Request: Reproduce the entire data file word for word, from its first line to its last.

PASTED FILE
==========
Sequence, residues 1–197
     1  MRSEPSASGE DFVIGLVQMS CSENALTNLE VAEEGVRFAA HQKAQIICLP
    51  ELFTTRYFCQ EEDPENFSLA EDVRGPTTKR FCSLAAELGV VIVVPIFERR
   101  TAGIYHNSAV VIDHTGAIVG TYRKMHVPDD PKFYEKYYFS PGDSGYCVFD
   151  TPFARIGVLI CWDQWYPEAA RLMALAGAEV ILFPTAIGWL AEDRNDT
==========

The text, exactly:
Sequence, residues 1–197
     1  MRSEPSASGE DFVIGLVQMS CSENALTNLE VAEEGVRFAA HQKAQIICLP
    51  ELFTTRYFCQ EEDPENFSLA EDVRGPTTKR FCSLAAELGV VIVVPIFERR
   101  TAGIYHNSAV VIDHTGAIVG TYRKMHVPDD PKFYEKYYFS PGDSGYCVFD
   151  TPFARIGVLI CWDQWYPEAA RLMALAGAEV ILFPTAIGWL AEDRNDT